This whole combination wont work. It will only will work against the F-35 program.
    But they fail to see this. I know there work good people for LM but the managment is made
    up from the same out of touch people who brought us the credit crisis.
    The clock on the F-35 program started ticking. It to LM do do the right thing.
    I expect a lot of surprises this year. Gonne be intresting.

  3. Distiller, one of the reasons that the Harrier cost SOO much to maintains is that you have to remove the top of the jet (including the wing) to remove the engine for maintenance.

    Vince, have you seen the dates, or do you just make them up? Blk 3 will be in operational squadrons (OT&E) in late 2013 in the current schedule. Even with the worst-case delay that JET predicts, that is 2015 at the latest, not 2016-2018.

    What can the F-16 do that a Blk3 F-35 cannot? I can name a ton that the F-35 can do that the F-16 cannot, especially USAF F-16s.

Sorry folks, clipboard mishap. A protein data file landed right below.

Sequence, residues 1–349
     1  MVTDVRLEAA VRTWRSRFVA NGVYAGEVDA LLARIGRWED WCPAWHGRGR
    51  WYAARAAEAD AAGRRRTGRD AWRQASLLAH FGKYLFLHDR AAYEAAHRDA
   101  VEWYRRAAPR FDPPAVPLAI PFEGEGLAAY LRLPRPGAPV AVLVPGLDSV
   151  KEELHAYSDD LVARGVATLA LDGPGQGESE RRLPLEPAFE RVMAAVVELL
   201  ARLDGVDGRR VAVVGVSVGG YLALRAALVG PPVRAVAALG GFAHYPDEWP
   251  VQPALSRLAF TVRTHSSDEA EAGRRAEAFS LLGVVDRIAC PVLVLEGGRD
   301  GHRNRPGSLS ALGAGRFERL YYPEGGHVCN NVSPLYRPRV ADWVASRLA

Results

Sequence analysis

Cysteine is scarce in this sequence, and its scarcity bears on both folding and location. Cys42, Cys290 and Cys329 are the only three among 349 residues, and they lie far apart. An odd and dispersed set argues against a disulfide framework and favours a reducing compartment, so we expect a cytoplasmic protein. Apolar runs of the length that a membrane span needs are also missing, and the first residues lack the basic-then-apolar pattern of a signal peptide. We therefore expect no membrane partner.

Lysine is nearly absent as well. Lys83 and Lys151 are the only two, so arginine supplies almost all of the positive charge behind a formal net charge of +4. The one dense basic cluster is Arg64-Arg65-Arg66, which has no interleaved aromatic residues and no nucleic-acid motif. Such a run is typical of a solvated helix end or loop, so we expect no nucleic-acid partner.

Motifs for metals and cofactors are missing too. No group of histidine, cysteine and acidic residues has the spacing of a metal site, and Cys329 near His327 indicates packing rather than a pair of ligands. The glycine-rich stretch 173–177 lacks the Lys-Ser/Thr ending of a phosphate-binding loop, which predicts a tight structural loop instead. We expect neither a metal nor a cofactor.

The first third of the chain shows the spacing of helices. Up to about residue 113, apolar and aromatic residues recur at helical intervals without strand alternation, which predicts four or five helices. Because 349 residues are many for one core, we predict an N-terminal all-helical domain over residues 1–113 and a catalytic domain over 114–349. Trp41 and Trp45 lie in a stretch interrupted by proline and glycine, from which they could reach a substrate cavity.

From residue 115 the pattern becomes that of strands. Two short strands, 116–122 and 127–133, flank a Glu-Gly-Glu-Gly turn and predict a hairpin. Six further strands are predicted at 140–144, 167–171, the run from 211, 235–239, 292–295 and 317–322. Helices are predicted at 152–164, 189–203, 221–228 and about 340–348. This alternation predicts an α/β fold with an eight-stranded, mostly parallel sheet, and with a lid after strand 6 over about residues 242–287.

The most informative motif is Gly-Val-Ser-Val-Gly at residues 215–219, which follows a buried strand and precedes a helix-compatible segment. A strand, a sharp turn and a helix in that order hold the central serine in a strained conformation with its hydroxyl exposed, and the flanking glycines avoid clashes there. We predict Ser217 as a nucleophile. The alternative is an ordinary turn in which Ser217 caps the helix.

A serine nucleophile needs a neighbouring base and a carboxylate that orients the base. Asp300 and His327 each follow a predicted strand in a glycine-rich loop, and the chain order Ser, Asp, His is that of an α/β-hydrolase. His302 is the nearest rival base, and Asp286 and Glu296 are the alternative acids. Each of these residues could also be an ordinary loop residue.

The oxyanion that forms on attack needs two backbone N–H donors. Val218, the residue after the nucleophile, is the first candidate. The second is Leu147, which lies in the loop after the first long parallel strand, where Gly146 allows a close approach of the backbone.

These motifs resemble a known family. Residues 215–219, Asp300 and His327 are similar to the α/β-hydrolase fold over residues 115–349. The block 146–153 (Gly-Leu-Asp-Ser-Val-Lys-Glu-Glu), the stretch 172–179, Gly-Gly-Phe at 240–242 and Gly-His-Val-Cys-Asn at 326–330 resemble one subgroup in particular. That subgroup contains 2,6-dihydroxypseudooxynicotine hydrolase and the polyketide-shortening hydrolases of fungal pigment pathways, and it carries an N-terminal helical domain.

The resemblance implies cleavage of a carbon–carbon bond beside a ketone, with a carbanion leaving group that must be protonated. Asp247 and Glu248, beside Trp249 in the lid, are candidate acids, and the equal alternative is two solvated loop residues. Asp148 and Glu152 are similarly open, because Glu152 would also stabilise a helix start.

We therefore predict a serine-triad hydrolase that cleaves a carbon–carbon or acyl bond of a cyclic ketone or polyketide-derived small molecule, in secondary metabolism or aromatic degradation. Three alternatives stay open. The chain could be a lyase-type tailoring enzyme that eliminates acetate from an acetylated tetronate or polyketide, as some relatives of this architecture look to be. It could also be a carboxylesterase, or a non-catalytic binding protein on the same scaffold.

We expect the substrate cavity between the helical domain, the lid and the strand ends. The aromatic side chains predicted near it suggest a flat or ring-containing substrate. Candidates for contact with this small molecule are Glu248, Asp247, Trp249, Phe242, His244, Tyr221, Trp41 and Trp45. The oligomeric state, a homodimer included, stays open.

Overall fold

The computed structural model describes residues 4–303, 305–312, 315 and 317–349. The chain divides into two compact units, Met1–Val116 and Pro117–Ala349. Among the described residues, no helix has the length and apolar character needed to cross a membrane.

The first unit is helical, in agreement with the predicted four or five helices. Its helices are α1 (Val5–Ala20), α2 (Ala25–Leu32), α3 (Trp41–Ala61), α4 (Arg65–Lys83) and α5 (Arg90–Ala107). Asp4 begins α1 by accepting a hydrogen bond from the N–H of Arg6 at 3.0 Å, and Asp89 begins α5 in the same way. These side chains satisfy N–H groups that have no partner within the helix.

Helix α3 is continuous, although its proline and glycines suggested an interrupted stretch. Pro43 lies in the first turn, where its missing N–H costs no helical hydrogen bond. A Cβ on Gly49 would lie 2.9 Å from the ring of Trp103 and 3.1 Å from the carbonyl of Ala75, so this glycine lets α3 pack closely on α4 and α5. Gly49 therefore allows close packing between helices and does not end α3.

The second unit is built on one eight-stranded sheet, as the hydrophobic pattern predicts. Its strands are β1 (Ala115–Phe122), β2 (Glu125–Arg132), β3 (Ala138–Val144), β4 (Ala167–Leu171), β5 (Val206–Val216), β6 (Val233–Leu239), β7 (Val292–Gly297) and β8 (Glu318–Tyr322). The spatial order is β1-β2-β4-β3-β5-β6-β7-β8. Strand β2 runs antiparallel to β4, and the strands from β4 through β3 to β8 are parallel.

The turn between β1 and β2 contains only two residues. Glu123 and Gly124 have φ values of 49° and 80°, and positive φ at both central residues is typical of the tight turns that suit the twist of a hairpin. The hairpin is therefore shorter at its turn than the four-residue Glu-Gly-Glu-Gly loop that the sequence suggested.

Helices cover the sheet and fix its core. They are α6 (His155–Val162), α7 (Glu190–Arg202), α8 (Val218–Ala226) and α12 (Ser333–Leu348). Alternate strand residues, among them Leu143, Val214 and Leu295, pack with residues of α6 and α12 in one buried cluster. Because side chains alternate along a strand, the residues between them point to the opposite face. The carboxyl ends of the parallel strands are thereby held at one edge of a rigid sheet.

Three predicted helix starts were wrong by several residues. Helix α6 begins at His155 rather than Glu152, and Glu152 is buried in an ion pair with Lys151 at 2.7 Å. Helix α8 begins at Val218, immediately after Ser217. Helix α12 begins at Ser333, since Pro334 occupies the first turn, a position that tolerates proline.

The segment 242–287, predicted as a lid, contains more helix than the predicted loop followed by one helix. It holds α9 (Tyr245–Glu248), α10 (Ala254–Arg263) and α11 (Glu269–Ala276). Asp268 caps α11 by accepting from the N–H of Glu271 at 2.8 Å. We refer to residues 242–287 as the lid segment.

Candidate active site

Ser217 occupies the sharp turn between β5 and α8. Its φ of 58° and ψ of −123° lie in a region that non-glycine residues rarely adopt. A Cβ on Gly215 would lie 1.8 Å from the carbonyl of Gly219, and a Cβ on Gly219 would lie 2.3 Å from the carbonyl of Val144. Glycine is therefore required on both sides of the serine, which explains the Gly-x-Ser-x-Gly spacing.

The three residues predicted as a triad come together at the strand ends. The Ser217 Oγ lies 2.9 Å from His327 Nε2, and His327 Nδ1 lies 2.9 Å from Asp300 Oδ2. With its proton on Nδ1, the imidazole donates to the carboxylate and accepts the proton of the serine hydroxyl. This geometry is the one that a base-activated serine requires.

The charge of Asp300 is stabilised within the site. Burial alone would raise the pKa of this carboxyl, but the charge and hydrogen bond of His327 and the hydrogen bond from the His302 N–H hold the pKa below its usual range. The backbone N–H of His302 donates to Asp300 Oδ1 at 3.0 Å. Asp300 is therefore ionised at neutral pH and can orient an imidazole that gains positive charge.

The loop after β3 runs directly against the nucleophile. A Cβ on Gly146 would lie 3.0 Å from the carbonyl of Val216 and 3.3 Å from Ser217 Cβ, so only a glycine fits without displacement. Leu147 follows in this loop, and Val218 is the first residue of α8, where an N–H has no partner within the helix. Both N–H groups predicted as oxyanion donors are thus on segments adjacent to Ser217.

• Aware of the Harrier engine issue. Nice picture below, btw!

      Still with the clutch, the gearbox, and the moveable nozzles and doors of the vertilift system the F-35B *has* to have higher maintenance requirements than the F-35C with just its wing fold (both operated in a salt water environ).

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  5. They said the F-22 was unaffordable too. Everyone complains about the problem, but no one has a legitimate solution. Canceling the F-35 is not a solution without a viable alternative.

  6. No. The point missed is the LM propaganda trying to spin the yarn that the JET reports were “worst case” with not a shred of proof to back up the theory. This is yet another effort to make the clueless believe everything is just peachy. History usually will show things like the JET report as not “worst case”.

    • You diverting again. My reply was to Vince’s estimated availability date EVEN WITH THE JET delay.

      btw, It was a DoD officer, not LM, that said JET was, and always has been, a “worst case” scenario.

      • I am sure they both said it. Which probably means it was inferred in an LM PowerPoint briefing to Carter–

        U.S. Says Lockheed Must Pay Part of F-35 Cost Overruns

        WASHINGTON — The Pentagon’s top acquisition official said on Monday that Lockheed Martin, the prime contractor for the new F-35 fighter jet, would have to cover part of the increased costs of the huge program.